Public Art as Community Engagement (PACE): Building Partnerships for Cocreation

Public Art as Community Engagement (PACE): Building Partnerships for Cocreation

For the last several years, the NYC Department of Cultural Affairs (DCLA) has been re-examining its approaches to engaging the public in discourse around issues of representation, equity, and diversity during the process of commissioning permanent artwork, monuments, and memorials in the public realm. Traditional methods of engagement such as public meetings, surveys, and questionnaires remain important tools. But in order to develop a deeper and more nuanced assessment of community values and priorities, we need to commit to varied forms of engagement that connect with broader, more representative audiences and foster more thoughtful dialogue.

DCLA's Public Art as Community Engagement (PACE) is a pilot program building on a model that relies on artist-led temporary art, convenings, and interventions as tools for careful and deliberate interaction to build real partnerships with relevant communities and stakeholders around specific public art projects. These public interventions are designed to address questions unique to each project and to help guide its development in a way that aligns with and responds to an active and involved community. The communities, themes, values, and context for every public art project varies widely; for projects that demand more robust dialogue and interaction, the PACE approach is employed to accommodate the vast range of variables and create opportunities for engagement that are reflective of and responsive to the unique conditions of the projects.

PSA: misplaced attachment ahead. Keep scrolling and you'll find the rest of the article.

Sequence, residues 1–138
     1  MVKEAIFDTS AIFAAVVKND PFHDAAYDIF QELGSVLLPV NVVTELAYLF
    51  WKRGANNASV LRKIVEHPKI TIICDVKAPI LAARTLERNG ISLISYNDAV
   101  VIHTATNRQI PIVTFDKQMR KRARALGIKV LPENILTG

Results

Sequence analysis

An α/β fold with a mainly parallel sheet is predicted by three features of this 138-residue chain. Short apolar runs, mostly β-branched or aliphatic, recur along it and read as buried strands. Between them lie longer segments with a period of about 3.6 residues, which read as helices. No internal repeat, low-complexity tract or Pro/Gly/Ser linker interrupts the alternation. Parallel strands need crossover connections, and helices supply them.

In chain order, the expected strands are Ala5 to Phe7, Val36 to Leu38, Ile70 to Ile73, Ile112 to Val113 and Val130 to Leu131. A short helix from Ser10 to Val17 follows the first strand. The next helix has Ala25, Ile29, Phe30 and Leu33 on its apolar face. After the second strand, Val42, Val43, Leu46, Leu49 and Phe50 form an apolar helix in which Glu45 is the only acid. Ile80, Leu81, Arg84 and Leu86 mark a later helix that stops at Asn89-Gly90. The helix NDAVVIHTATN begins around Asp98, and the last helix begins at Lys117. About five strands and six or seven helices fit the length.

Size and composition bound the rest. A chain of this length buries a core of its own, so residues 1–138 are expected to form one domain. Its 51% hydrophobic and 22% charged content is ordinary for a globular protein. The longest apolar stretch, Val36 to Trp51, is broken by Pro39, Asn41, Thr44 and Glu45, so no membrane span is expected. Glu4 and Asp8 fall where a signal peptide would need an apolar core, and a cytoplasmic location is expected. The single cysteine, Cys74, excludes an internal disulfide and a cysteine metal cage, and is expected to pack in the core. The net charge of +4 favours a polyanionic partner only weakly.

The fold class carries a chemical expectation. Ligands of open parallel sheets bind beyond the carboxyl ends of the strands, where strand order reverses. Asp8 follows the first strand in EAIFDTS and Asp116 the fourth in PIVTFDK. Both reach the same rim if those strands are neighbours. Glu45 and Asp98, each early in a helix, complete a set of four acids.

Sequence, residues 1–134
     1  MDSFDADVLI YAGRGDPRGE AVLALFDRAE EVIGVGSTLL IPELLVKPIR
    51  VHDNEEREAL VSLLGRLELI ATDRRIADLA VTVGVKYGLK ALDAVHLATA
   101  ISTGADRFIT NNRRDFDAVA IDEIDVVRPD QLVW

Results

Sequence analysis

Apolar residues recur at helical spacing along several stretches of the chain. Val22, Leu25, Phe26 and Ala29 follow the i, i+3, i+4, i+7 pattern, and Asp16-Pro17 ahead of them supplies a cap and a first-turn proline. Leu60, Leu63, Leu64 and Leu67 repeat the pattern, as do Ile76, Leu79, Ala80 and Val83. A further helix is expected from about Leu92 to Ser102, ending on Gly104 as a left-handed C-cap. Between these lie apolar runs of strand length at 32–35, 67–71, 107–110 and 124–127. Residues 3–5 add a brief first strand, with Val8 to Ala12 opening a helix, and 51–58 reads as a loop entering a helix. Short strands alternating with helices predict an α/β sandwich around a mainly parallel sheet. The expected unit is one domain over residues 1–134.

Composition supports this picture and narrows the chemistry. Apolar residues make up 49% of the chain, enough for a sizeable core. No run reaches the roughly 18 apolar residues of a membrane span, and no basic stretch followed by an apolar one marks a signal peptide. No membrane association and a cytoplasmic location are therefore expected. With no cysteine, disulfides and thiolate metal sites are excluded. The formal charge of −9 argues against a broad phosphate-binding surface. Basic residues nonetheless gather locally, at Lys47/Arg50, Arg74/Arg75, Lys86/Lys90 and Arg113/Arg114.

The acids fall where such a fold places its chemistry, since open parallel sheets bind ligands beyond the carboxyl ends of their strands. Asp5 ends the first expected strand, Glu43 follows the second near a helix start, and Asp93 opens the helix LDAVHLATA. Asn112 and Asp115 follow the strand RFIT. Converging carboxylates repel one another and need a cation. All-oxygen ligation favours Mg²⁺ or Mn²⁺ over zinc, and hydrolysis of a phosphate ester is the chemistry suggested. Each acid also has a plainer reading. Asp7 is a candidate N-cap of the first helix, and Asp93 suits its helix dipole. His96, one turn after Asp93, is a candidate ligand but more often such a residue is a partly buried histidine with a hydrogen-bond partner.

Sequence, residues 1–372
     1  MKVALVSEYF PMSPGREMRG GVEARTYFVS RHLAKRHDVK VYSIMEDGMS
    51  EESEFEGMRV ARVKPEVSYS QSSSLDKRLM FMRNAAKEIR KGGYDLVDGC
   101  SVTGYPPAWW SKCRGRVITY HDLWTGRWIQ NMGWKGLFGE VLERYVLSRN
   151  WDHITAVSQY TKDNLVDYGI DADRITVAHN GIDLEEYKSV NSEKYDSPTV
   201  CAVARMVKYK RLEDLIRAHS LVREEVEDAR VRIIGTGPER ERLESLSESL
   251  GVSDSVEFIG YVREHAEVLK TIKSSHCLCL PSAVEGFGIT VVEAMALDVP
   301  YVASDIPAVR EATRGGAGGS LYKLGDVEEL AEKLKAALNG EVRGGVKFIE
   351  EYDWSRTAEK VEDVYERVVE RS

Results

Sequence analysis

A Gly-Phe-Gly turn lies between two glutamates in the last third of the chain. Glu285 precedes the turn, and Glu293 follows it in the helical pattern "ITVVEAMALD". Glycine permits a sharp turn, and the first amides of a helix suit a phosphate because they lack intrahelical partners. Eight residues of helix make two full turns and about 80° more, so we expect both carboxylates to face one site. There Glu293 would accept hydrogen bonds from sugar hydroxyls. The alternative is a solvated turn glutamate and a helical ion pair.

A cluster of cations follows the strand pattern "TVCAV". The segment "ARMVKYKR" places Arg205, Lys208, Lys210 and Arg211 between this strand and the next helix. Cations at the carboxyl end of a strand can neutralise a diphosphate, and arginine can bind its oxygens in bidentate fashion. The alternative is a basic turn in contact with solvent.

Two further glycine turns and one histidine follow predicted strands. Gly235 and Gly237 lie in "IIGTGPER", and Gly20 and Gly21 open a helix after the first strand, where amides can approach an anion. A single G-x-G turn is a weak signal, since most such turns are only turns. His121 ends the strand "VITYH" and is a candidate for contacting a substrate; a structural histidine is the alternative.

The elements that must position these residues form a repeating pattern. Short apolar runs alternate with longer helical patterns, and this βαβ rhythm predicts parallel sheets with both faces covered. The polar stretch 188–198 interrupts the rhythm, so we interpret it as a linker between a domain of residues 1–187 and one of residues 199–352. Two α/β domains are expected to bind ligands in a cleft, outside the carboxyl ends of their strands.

News and Updates

Harnessing History: Tracing the Legacy of the Lyons Family - Digital Convening

Harnessing History: Tracing the Legacy of the Lyons Family - A Conversation Series

In late 2022, the New York City Department of Cultural Affairs (DCLA), with the support of the Mayor's Fund to Advance New York City, hosted a series of online conversations to explore the legacy and history of the Lyons family, examining a century of Black life and activism in America after the abolition of slavery in New York State in 1827. As part of the PACE pilot program, these conversations explored and unpacked themes and issues that will inform the proposed monument on the perimeter of Central Park commemorating the Lyons family, providing a strong basis for engagement between local stakeholders and the artist who is ultimately selected to design the monument.

Curated and hosted by Niama Safia Sandy (curator, artist and educator), the convenings consisted of three conversations inviting artists, scholars, and community activists to reflect on the Lyons family's commitment to justice, civic and political engagement. Each conversation sought to connect to an element of the Lyons family's story and tease out the family legacy within the context of the art and history of the contemporary moment.